FORT POLK, Louisiana--The worst moment the two New York National Guard Soldiers who competed in the Army Best Medic Competition at Fort Polk, Louisiana said, was when they tried to land navigate in a cold driving rain coming in sideways.
“I never struggle with land navigation,” said Sgt. Thomas Mulhern. “But we couldn’t even take our map out for fear of getting drenched.”
They thought things wouldn’t be too bad at Fort Polk for the competition, said Sgt. Klayton McCallum.
“I was thinking the Gulf Coast in January. How bad can it be?” he recalled.
But when the wind was driving that day, he fell into a knee-deep pool of water.
“We found ourselves laughing that time,” Mulhern said.
“Every now and then you have to step out of your body. We both found it funny, the conditions we were doing land nav’ in,” he added.
Mulhern and McCallum, both medics assigned to Headquarters and Headquarters Company of the 2nd Battalion, 108th Infantry Regiment, represented the entire Army National Guard at the annual Command Sgt. Maj. Jack L. Clark U.S. Army Best Medic Competition, held January 23 to 27.
Competing as Team 24 out of 31 teams, they narrowly lost 10th place to the 10th Mountain Division stationed at Fort Drum, New York, McCallum said.
This was the second year that medics from the 108th competed at the Best Medic event. In 2022, Staff Sgt. Dylan Delamarter and Sgt. Ethan Hart represented the Army Guard.
McCallum, the 108th’s full-time medical operations non-commissioned officer, enlisted in 2014. He served as an airborne infantryman in the 173rd Airborne Brigade in Vincenza, Italy. In 2017 he joined the New York Army National Guard and became a medic.
Mulhern enlisted in 2012 and served as a medic in the 101st Airborne Division before joining the New York Army National Guard in 2016.
He currently works in construction after serving as the full-time medical readiness NCO for the FEMA Region II Homeland Response Force for a couple of years.
The four-day competition was mentally and physically demanding with only four hours of sleep each night, the two men said.
“It seemed like a continuous event,” McCallum said.
Mulhern said they would get a packing list each night and try to figure out what to expect as they didn’t know what was going to happen the next day.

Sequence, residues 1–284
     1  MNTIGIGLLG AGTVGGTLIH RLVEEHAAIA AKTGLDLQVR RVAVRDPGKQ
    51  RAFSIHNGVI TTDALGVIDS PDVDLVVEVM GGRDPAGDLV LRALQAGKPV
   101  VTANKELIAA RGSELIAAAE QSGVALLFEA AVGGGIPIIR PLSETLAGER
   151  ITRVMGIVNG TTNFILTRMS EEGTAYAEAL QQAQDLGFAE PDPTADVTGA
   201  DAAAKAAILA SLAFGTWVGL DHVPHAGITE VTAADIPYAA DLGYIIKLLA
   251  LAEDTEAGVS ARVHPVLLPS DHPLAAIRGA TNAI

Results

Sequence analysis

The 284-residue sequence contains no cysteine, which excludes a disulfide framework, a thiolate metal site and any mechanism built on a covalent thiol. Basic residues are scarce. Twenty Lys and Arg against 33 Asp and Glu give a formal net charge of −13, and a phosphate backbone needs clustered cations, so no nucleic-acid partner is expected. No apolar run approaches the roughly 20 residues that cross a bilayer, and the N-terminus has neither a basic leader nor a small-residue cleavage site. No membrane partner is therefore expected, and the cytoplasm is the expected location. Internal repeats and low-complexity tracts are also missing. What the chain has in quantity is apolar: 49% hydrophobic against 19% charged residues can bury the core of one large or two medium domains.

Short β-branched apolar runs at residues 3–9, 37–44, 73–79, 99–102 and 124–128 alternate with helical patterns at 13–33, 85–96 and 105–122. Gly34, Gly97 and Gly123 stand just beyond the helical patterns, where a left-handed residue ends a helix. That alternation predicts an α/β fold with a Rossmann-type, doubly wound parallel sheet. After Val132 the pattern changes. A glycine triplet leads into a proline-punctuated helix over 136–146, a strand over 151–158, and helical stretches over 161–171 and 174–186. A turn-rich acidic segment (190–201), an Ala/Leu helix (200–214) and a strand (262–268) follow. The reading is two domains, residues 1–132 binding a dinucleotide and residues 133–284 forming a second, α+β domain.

But that was no guarantee. They would be told to pack something and then they would not use it at all, they said.
They didn’t know if they should prepare to move fast, or slow and easy, Mulhern said.
“We just kind of woke up each day, not knowing what to expect,” McCallum said.
On a ruck march carrying 75 pounds of gear, nobody knew how far they were going. After 16 miles, they had to handle simulated casualties from an attack.
“I work in the trades, and I handle 75-pound bags of concrete regularly. This was like carrying a bag of concrete for 16 miles, Mulhern said.
During one march there were six events, including a stress shoot where they engaged targets with M-4 carbines and M-17 pistols while moving.
Afterwards, they had to move a simulated casualty 1.8 miles in a stretcher and hoist the casualty onto a hovering helicopter.
They did the best at a water event, Mulhern and McCallum said.
They jumped into a pool from a high diving board in full field gear, carrying a rubber rifle. When they hit the water, they dropped their gear and swam 25 meters to the far side of the pool, retrieved a casualty and swam it back.
Then while Mulhern dove down into the pool to retrieve their gear, McCallum administered CPR at pool side. Then they jumped back into the water with their full rucksacks and swam back.
Most exciting was when they jumped from a hovering CH-47 Chinook helicopter into a lake in a move called a helocast, the two said. Of course, more medical tasks awaited when they reached the shore.
“It was a unique thing that I never had a chance to do,” Mulhern said.
During the closing ceremony, Lt. Gen. Scott Dingle, the Surgeon General of the Army, praised all the participants for their “mental toughness” and “enthusiastic endurance.”
“That type of determination was heartwarming,” Dingle said.
The competition, he said, was the toughest and most demanding he’s seen in his 35 years in the Army. But, he emphasized, it is important that the U.S. Army have outstanding medical personnel.
“The worlds most powerful and lethal Army must have the world’s best medical instrument of power supporting it,” Dingle said.
McCallum and Mulhern said they were glad to get the chance to attend and learn a lot.
The Army National Guard will host the event in 2024, and they have been invited to an April planning meeting for that competition.
The best thing about competing, Mulhern said, was getting the chance to test himself.
On the first day of the event, one of the chaplain’s said “chose growth over comfort,” Mulhern said. He kept that in mind the entire time.
“If you chose the easy way in the Guard, you can get by,” he said.
“But when you step out of your comfort zone and do this difficult thing, it shows you how tough you are and how capable you are. We are all tough in the military and we are all capable. You just need to be as tough and as capable as you can,” Mulhern said.